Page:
We’re about to hit a full country enactment of the RUFADAA or its equivalent with just a handful of states left anticipating introductions. In just the last week we saw an introduction in Maine and an enactment in South Dakota – if that’s not rapid progress, we don’t know what is.
While this isn’t news to many, it’s still pretty incredible to reflect on the fact that only in the last decade has the concept of “digital assets” surfaced; accounts, files, devices, hardware, property and a plethora of other things that fall into the category of that which is digital and of sentimental or monetary value. Digital assets can include a host of things that have become worked into the fiber of our day to day lives, so much so that they might be completely overlooked when going through the estate planning process. For example, someone may have music housed on Soundcloud or a book waiting to be published sitting on Scrivener, and attorney’s may not even think to ask their clients about these platforms, while their clients are likely completely oblivious to the notion that these things factor into their collection of assets at all.
Here’s a global snapshot from 2015 created by an agency to make the impact and growth of digital a little more real…and, yes, it’s now 2017…
Digital Estate Management Gone Wrong
We’re starting to hear more and more cases referencing issues in the management of a loved ones estate due to an inability to access their digital accounts. CBS Miami just covered a case where a family lost a lot in the death of their father as they were unable to access his business assets housed in his Yahoo accounts. There are endless accounts of people receiving eerie after death posts in their Facebook feeds from deceased friends, and the stories of digital divorces gone sour are only escalating. All of these cases lead to one important conclusion – we live in a digital era and the management of these assets needs to catch up.
Although it’s traditionally the case that legislation cannot keep up with technology, this particular area of estate management is truly catching up. In 2014 the Uniform Fiduciary Access to Digital Assets Act (UFADAA) was substantiated and has been enacted in 23 states and introduced in 17 since the beginning of this year alone. It was revised in 2015 and is now the RUFADAA.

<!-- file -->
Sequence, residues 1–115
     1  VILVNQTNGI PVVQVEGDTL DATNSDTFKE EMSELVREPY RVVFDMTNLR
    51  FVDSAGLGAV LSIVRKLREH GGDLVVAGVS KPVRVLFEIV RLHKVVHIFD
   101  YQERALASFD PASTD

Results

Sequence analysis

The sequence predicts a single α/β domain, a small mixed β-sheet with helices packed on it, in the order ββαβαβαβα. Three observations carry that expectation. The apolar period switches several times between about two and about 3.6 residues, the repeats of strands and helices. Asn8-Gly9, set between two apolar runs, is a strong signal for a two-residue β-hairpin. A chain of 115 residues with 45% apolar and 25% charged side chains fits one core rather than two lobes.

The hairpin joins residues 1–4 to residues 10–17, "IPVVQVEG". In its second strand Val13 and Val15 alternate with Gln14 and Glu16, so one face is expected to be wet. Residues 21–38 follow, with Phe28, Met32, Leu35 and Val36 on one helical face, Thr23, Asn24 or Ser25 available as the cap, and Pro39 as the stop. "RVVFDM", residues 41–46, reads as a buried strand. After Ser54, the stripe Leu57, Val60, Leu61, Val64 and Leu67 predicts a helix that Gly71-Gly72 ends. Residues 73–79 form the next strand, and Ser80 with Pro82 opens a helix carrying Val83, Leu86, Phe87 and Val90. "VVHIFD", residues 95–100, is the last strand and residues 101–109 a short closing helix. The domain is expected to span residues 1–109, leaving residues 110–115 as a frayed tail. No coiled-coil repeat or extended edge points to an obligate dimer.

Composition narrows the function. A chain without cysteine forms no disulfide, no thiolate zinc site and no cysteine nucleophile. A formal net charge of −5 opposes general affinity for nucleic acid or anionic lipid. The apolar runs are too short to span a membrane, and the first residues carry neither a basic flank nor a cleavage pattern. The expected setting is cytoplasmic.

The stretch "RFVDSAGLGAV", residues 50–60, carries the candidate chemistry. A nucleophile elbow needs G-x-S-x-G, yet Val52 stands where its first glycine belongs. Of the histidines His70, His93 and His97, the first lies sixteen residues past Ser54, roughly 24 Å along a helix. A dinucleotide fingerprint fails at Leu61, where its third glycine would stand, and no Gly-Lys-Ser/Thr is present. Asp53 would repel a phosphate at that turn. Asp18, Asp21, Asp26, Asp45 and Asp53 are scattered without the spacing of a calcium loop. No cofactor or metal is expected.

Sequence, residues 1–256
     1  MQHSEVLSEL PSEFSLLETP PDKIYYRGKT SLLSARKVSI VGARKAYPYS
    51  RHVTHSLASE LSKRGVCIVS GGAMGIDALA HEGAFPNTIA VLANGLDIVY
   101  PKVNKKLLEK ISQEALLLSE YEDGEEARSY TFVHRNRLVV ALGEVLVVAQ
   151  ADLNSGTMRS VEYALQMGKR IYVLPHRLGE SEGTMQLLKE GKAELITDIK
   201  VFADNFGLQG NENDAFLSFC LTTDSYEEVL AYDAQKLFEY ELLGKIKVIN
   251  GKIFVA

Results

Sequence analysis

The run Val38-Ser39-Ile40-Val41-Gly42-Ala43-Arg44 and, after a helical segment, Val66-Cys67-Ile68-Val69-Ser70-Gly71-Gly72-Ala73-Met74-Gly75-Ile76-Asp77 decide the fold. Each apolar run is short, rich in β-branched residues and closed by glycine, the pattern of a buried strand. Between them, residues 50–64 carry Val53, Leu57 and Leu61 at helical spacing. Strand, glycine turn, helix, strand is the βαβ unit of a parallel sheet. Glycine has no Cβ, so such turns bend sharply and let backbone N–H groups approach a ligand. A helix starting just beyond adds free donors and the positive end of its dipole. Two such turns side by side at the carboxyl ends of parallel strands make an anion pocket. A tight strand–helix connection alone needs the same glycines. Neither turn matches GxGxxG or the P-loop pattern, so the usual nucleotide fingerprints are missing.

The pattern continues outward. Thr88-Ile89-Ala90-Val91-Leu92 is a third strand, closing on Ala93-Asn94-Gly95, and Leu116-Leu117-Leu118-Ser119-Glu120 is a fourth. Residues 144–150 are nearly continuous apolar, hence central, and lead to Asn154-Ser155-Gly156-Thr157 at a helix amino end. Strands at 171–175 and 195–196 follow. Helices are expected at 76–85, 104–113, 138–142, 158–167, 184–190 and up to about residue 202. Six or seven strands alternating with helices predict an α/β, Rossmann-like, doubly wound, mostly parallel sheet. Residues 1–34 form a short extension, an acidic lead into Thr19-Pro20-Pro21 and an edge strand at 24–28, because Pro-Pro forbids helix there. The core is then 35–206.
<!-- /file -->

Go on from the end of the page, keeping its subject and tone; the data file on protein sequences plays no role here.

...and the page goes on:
“This act extends the traditional power of a fiduciary to manage tangible property to include management of a person’s digital assets. The act allows fiduciaries to manage digital property like computer files, web domains, and virtual currency, but restricts a fiduciary’s access to electronic communications such as email, text messages, and social media accounts unless the original user consented in a will, trust, power of attorney, or other record.”
Given this legislation, it is in some cases actually against the law for someone to access a deceased individual’s accounts if not explicitly declared in that person’s after death directives. This means that deceased individuals loved ones can actually come into trouble with the law just by accessing accounts even when explicitly given a list of passwords.
Fortunately, these laws were intended to protect the privacy of individuals and prevent identity theft of after life accounts and assets. But in order for these laws to be able to fulfill their intended purpose, attorneys need to be aware of and tracking the legislative progression of RUFADAA.
The Uniform Law Commission does a wonderful job of maintaining the introductions and enactments of the RUFADAA and updates their online platform regularly. The ULC maps out the laws journey of progression throughout, what will hopefully be, the entirety of the United States in the very near future.
Here’s a snapshot of the landscape earlier this week:
As noted above, there has since been and introduction and enactment.
It’s the job of attorneys to maintain awareness of which states these laws are active, in order to ensure that they are providing their clients with not only the best practices but also with legal protection.